Bell Helicopter Textron’s (Ft. Worth, Texas) 429 helicopter, first revealed in 2008, is targeted to individual, corporate and emergency-services customers. Fabricated at Bell’s Mirabel, Quebec, Canada facility, each of the aircraft’s carbon fiber/epoxy airframe parts is tested by Talon Test Laboratories Inc. (Indianapolis, Ind.) using ultrasonic nondestructive testing (NDT) methods. Talon was selected because its 60,000 ft² (5,575m²) lab houses a new, large-scale NDT machine that can accommodate the 429’s approximately 12-ft long by 7-ft tall (3.7m by 2.2m) fuselage sections, says Anthony Tokarz, Talon’s national accounts manager.
The 12-axis C-Scan system was manufactured by Talon’s sister company, Structural Diagnostics Inc. (SDI, Camarillo, Calif.), in a “tower” rather than a gantry configuration, explains Tokarz. The machine’s 17-ft/5.2m tall tower frame moves side to side on floor rails, supporting the automated C-Scan “through-transmission” heads, which are capable of multiple axes of motion over the system’s entire 19-ft by 8-ft (5.9m by 2.5m) work envelope. During scans, each component is supported by an ancillary framework that fits within the envelope. The C-Scan head’s water-squirter transmitter emits a pulsed sound wave above the range of human hearing (from 1 to 10 MHz, depending on the material). A matching transducer focused on the part’s backside captures the sound waves that travel through the part, detecting structural flaws by reading differences in wavelength data. The water acts as a coupling agent because high-frequency sound waves tend to attenuate in air. (The water is captured and recycled.) Advanced motion control enables precise head movement while dual motorized gimbals enable the heads to conform to part contours.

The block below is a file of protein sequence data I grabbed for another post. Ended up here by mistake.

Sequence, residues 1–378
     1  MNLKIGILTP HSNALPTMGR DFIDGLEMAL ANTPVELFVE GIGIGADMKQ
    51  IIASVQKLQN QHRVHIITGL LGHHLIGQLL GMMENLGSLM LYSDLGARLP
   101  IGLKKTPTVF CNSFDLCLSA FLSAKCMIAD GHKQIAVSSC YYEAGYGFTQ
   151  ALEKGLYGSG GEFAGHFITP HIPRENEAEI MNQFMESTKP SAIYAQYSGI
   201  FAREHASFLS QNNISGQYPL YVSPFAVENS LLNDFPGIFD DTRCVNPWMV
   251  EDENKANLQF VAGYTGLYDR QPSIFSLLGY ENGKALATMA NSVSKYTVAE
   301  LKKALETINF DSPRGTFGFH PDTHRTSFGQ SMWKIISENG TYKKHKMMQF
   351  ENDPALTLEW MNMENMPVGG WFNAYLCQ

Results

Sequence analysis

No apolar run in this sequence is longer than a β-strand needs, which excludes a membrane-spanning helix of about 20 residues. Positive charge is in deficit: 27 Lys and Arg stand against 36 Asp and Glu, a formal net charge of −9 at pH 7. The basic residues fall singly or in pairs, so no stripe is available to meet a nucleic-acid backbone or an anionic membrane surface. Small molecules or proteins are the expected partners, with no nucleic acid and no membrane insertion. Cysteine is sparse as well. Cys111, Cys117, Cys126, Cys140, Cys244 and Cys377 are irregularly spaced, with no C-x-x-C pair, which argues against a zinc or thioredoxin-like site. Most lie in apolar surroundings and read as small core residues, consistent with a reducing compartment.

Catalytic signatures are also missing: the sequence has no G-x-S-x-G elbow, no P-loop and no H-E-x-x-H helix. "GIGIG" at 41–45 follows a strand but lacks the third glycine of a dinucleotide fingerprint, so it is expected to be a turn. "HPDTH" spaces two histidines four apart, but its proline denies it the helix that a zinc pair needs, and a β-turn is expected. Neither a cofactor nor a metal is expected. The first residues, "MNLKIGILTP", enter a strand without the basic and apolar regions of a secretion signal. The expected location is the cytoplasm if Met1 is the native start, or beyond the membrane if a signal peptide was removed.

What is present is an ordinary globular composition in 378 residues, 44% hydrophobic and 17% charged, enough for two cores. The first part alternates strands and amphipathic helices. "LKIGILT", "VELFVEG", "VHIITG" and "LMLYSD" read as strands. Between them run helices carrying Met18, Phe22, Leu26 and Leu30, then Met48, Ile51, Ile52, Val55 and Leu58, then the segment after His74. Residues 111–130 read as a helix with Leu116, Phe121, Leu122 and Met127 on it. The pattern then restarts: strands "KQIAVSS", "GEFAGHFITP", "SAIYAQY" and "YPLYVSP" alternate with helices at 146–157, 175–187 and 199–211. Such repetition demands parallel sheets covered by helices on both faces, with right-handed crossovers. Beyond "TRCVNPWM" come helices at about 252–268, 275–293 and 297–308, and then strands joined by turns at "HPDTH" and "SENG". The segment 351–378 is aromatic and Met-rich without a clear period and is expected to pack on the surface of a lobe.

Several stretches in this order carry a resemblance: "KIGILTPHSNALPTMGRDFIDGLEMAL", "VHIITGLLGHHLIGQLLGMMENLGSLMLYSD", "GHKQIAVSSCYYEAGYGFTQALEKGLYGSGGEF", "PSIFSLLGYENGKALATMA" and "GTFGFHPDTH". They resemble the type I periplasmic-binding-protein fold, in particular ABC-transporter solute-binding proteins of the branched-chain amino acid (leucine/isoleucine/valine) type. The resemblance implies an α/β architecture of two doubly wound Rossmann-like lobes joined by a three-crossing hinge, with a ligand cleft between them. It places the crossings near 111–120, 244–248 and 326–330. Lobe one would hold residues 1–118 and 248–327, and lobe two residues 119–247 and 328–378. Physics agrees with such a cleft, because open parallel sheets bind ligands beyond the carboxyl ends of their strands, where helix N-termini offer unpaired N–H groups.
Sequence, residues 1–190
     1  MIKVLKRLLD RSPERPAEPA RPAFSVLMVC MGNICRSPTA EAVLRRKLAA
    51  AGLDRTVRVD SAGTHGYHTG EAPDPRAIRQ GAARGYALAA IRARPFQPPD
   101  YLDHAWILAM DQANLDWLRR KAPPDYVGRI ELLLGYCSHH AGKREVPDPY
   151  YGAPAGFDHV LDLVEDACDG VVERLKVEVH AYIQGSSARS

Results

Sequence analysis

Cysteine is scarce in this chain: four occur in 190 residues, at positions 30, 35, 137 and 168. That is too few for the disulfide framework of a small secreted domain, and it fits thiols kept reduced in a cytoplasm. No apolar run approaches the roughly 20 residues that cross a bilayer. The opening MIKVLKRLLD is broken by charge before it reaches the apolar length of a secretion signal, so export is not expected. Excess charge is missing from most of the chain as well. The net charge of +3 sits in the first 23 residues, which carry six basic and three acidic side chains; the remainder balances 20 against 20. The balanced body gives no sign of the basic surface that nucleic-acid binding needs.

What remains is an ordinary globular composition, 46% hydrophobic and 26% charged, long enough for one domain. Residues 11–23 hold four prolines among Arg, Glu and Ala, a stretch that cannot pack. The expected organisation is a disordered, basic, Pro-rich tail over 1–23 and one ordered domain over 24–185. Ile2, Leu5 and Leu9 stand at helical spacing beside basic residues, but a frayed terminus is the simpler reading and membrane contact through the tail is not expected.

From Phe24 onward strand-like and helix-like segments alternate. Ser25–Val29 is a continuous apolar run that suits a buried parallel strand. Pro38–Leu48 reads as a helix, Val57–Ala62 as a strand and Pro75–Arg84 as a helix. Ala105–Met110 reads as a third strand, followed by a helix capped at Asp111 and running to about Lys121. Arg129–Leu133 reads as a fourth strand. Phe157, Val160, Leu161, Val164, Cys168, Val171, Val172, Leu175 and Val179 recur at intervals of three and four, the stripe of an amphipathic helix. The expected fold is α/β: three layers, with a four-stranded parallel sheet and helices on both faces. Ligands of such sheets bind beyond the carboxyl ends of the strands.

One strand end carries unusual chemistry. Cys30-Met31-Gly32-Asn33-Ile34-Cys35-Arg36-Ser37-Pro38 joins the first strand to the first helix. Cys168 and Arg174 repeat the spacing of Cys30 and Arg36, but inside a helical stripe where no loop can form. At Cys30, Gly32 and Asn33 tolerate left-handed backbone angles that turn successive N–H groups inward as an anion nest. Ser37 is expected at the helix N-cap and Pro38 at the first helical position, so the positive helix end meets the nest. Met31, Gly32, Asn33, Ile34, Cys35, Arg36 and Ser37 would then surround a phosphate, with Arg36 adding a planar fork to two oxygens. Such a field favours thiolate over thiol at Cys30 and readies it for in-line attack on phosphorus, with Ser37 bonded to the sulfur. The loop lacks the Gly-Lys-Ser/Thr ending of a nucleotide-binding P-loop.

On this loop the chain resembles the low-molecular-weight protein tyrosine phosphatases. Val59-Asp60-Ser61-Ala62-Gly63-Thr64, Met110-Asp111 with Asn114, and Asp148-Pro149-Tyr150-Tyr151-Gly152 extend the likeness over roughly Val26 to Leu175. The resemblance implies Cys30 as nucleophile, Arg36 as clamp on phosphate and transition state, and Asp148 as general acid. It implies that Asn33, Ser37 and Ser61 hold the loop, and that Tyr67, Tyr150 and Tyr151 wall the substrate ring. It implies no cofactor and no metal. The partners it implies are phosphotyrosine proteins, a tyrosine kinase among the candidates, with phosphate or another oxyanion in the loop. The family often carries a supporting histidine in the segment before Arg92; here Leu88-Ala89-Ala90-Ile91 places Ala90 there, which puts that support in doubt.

According to Tokarz, Talon can maintain a tight tolerance (better than ±1 dB) over the entire scanning envelope. The unique tower design reportedly allows quicker scans for faster turnaround. Because parts were previously shipped from Mirabel to Ft. Worth for testing, the Talon contract cuts shipping costs and time by two-thirds.